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Each year I, and many Sedona residents, look forward to the publication of our Red Rock Country History Edition.

This year’s edition is the fourth I’ve produced, with the help of Janeen Trevillyan and Rita Reger at the Sedona Heritage Museum, and each year I learn more and more about the area I now call home.

Sedona Red Rock News Managing Editor Trista Steers MacVittieLet’s face it, many residents living here weren’t born and raised among the red rocks.

We stumbled upon this place long after much of the city’s history was written by those who either wrote it or witnessed it, some of whom are still around today to recall it.

As transplants, it’s our duty to learn our area’s history, and respect the past and the people who were a part of it.

It’s not uncommon to see “old-timers” shake their heads in disbelief when it seems nobody around knows how water to homes became possible in the high desert or that in 1920 the Village of Oak Creek was a field without a building in sight.

With stoplights popping up all along State Route 89A, they remember when turning off of Airport Road didn’t require the use of a traffic signal.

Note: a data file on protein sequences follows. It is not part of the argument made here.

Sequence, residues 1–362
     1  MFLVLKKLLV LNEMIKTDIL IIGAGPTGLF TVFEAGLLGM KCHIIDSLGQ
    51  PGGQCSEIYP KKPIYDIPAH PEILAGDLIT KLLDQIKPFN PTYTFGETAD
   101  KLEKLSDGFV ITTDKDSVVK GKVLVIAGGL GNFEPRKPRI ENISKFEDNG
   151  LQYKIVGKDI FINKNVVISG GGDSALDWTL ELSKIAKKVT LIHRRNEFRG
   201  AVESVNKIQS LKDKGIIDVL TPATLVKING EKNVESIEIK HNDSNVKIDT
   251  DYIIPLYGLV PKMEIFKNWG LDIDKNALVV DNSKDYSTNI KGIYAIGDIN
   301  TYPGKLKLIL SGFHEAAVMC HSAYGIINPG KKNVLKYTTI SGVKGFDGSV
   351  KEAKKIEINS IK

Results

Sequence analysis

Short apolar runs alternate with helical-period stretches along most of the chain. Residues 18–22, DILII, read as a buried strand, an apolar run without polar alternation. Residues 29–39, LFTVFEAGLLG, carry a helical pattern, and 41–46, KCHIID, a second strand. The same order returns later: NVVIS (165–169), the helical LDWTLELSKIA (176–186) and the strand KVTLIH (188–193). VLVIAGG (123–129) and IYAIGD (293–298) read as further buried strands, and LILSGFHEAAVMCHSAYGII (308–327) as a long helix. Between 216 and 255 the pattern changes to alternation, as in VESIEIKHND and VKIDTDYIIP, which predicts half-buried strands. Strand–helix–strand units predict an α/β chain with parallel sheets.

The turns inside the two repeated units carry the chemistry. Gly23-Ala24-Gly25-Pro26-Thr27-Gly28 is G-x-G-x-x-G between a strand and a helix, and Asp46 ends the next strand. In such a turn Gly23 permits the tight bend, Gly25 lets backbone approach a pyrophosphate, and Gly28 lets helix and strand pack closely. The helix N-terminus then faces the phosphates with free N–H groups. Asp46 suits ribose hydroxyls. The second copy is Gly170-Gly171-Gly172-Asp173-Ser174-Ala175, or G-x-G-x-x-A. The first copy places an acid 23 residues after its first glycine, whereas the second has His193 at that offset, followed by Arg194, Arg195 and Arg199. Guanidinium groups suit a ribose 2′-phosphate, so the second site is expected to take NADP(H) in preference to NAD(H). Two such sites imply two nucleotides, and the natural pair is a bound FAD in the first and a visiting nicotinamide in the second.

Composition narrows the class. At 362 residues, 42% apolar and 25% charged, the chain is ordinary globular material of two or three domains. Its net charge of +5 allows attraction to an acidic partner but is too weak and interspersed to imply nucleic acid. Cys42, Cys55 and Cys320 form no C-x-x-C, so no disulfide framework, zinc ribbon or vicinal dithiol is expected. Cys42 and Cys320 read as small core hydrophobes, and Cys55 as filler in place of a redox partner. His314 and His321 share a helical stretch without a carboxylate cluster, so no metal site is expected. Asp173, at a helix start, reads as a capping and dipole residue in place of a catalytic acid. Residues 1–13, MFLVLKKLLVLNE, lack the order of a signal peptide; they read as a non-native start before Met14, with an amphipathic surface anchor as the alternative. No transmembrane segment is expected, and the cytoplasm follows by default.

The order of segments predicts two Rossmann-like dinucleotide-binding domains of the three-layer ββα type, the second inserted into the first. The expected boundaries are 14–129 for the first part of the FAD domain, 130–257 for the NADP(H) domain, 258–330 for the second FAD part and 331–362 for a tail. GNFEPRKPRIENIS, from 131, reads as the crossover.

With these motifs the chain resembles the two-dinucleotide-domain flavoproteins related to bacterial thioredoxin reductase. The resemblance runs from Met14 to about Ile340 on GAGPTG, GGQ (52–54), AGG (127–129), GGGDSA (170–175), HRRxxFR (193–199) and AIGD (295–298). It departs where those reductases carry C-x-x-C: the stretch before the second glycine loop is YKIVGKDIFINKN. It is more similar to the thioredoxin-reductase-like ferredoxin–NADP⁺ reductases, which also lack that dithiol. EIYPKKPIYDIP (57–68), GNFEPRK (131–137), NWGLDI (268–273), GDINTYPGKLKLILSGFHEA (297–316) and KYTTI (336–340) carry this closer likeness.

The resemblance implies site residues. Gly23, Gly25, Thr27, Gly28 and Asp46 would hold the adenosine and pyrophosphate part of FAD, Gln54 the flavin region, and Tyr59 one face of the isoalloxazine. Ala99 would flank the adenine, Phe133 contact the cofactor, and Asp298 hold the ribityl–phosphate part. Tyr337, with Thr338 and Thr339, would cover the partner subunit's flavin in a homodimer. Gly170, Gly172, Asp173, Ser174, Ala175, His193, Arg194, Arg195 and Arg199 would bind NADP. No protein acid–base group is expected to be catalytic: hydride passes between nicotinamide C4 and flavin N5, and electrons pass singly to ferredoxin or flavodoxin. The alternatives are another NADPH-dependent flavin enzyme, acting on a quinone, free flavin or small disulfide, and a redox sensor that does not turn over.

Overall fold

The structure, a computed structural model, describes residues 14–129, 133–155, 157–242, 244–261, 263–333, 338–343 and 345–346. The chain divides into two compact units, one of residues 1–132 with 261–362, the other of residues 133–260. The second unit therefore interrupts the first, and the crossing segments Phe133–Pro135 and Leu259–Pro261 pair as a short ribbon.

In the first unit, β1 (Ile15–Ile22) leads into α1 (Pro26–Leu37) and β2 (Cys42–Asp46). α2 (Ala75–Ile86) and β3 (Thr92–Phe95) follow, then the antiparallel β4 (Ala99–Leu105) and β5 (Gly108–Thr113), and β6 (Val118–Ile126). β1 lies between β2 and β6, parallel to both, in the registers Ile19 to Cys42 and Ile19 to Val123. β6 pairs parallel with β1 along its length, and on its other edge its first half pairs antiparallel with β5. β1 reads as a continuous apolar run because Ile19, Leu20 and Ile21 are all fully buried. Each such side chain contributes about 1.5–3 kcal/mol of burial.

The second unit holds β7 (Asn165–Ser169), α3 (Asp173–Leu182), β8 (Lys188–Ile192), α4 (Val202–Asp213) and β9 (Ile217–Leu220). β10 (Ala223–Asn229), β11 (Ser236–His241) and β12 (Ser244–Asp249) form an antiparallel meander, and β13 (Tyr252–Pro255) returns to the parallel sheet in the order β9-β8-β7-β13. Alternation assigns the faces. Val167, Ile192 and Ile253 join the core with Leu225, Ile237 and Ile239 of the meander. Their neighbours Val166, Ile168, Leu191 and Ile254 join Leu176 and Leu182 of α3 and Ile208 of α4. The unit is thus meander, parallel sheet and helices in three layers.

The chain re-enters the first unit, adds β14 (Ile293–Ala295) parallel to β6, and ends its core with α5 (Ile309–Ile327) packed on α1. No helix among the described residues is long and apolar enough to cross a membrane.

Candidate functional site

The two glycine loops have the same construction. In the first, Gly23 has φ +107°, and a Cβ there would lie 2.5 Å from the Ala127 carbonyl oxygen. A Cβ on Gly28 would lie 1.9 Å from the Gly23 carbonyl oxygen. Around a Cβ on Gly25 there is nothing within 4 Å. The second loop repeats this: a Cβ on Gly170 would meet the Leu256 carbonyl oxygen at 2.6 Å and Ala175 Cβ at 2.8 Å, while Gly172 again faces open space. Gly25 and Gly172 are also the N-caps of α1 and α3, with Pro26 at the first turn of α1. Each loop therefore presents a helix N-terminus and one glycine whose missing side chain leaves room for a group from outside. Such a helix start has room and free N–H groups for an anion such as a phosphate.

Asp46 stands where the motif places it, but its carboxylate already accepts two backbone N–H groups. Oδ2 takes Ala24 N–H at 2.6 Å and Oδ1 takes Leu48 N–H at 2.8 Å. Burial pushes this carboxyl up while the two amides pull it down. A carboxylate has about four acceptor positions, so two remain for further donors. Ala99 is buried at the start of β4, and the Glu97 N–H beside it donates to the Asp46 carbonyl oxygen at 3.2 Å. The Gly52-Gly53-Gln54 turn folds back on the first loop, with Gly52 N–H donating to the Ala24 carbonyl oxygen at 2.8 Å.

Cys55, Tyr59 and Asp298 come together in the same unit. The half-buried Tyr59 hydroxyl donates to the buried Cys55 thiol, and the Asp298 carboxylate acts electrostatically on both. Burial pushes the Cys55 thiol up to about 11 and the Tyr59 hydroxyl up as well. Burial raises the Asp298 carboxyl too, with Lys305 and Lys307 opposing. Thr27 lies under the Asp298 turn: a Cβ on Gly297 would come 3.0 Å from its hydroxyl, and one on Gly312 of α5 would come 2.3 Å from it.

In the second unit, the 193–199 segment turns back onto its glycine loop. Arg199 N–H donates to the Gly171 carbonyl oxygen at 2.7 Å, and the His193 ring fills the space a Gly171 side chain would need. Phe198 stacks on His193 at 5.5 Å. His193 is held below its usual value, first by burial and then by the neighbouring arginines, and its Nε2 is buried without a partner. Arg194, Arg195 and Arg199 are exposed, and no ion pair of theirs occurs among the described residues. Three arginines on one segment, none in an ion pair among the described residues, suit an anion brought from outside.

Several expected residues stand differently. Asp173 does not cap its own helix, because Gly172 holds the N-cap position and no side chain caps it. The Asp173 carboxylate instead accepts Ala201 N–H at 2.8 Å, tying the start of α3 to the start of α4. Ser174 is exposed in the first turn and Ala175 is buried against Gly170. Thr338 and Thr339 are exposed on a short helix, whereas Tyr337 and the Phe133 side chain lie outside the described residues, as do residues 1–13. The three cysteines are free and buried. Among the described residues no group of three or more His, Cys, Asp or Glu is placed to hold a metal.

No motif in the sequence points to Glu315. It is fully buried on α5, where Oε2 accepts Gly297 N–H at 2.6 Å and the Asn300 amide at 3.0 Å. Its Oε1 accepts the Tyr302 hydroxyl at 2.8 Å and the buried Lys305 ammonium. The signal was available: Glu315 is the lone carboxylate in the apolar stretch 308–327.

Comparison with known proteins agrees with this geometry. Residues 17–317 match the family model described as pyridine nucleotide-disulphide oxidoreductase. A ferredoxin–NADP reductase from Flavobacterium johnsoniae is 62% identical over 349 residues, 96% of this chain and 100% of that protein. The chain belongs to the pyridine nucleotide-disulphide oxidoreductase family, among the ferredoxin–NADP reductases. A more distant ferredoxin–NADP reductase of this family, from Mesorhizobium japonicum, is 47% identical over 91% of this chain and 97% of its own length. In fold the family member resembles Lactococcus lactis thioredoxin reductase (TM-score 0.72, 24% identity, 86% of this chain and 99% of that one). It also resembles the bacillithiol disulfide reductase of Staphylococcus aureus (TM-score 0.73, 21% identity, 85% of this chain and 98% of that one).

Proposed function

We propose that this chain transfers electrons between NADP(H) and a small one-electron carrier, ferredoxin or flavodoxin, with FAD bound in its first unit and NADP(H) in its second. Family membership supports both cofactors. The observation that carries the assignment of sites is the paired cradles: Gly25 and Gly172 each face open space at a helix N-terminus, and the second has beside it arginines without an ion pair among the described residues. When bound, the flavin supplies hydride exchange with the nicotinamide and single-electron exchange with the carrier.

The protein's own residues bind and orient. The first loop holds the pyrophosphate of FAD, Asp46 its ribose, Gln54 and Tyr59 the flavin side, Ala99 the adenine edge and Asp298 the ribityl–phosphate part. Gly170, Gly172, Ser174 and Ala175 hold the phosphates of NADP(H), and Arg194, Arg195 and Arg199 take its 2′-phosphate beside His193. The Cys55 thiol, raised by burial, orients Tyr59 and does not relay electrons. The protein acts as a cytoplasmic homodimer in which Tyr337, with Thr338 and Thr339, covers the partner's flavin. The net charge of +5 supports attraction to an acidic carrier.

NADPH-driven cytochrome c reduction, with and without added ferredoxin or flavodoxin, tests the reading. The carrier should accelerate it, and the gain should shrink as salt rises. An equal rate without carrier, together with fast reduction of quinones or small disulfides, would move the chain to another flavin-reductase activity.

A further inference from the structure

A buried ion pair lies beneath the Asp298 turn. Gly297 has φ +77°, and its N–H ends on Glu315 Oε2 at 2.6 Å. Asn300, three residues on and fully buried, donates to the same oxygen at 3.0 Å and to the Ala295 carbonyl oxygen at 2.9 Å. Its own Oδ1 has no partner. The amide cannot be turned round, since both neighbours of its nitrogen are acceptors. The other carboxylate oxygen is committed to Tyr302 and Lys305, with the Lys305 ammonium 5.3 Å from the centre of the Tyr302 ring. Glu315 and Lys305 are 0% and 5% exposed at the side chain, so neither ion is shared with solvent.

Many remember when the brainchild of Hal Maloney, the St. Patrick’s Day Parade, first marched down State Route 89A in 1970.

They also remember the parade’s hiatus when the Arizona Department of Transportation put constraints on use of the highway, and then the resurrection of the now annual tradition in 1999 by the Sedona Main Street Program with help from Northern Arizona University.

Posse Grounds Park didn’t just appear in West Sedona. Residents remember putting their blood, sweat and tears into the evolution of the park from rodeo grounds to ball fields to what we see today.

Part of appreciating the place we live and what it offers is knowing the stories behind how it all came about.

Who knows how the water utility in Sedona would have developed if George Jordan had not built Sedona’s first tanks and used sand to filter water pumped to his own home and those of his neighbors? Others followed suit, and eventually Arizona Water Co. came in to take over already developed systems.

This year’s History Edition tells many stories of how the city we see around us came to be, recognizing the efforts of those who forged the path for residents who call Sedona home today.

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